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The Israeli statement said a special committee dealing with the releases would meet on Wednesday, but added that consideration of widening the scope of the releases to include Islamic militants would not come until after Sharon returns from Washington.
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Palestinian lawmaker Saeb Erekat said the delegation called the meeting "a disappointment" because no decision would be made until after the Washington meetings.
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While the release of prisoners is not spelled out as an Israeli obligation in the "road map," the Palestinians have made it a major issue. Palestinian security chief Mohammed Dahlan said Sunday the releases were "at the top of our agenda."
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According to the Israeli statement, Israeli and Palestinian officials would convene to work out how the releases will be handled, the first time Israel was allowing Palestinian input into the process, a key Palestinian demand.
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Also on Sunday, Cabinet minister Gideon Ezra said it would be possible to free members of Islamic groups if they weren´t involved in deadly attacks.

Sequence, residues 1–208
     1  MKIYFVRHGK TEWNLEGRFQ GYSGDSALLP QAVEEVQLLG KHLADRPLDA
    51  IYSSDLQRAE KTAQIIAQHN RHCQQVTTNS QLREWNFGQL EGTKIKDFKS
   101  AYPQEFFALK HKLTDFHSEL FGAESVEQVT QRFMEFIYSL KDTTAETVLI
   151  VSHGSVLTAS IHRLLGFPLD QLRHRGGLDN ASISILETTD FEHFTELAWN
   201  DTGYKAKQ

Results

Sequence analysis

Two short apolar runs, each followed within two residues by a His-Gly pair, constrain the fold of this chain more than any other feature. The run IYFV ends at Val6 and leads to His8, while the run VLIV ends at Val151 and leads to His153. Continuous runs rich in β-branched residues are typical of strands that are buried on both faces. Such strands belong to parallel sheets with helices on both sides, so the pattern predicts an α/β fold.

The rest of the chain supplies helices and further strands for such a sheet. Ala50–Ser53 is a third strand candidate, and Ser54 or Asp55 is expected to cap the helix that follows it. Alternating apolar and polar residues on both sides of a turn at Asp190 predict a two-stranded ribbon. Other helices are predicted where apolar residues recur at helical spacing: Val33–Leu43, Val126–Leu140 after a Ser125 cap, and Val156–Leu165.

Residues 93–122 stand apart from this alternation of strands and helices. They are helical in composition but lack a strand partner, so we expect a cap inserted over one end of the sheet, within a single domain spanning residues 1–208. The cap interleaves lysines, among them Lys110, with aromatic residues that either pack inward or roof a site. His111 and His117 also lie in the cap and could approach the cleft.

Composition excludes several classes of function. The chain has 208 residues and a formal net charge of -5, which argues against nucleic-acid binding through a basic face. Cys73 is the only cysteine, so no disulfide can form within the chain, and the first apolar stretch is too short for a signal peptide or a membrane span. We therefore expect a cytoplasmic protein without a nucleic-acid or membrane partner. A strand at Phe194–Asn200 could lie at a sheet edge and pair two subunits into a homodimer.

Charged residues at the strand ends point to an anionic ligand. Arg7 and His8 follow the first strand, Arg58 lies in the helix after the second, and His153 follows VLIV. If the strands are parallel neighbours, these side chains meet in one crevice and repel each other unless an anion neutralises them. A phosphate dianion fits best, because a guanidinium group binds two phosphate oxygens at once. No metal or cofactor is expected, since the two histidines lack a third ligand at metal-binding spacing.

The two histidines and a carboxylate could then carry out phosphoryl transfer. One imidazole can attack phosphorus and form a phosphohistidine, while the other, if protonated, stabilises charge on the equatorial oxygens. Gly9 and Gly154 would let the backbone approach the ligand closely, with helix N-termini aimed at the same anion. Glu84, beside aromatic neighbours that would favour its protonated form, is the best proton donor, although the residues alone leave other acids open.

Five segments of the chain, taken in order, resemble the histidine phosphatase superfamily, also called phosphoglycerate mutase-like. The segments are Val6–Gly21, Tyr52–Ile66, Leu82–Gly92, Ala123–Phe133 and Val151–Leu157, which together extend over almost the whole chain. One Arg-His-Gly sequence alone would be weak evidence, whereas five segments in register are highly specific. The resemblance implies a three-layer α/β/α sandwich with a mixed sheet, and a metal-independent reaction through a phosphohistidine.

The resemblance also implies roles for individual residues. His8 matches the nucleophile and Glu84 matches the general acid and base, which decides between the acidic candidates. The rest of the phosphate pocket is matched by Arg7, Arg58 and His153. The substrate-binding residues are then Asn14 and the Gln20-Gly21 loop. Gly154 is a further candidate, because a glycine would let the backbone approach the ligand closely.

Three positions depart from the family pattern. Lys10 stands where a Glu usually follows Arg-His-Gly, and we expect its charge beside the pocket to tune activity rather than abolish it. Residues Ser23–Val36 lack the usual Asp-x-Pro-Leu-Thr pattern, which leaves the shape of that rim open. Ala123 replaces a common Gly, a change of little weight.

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The lack of movement on the peace plan made the upcoming meetings in Washington of even more importance, said Ali Jerbawi, political scientist at Bir Zeit University in the West Bank.
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Bush is expected to press for progress on the "road map" peace plan, which calls for ending violence and creating a Palestinian state by 2005.
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"If the Americans can pressure the Israelis into delivering, I think that might save the road map," he said.
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Otherwise, he added, "I think that the road map is doomed."
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Israel acknowledged that terror attacks have eased since the main Palestinian groups declared a cease-fire on June 29. But Raanan Gissin, a Sharon aide, said it was too early to make significant gestures toward the Palestinians, like removing roadblocks that have crippled Palestinian life for nearly three years.
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"We want to be very cautious in the steps that we make," he told the Associated Press, complaining that since the truce, Palestinian militant groups have been rearming and regrouping. He warned that "the whole process (could) be disrupted by one renegade terrorist act."
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Palestinian Information Minister Nabil Amr, speaking in Ramallah, appealed to the U.S. government for help in winning Israeli implementation of the plan.
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"We need all the support from our friends the Americans," he said. (© 2003 The Associated Press 07/21/03)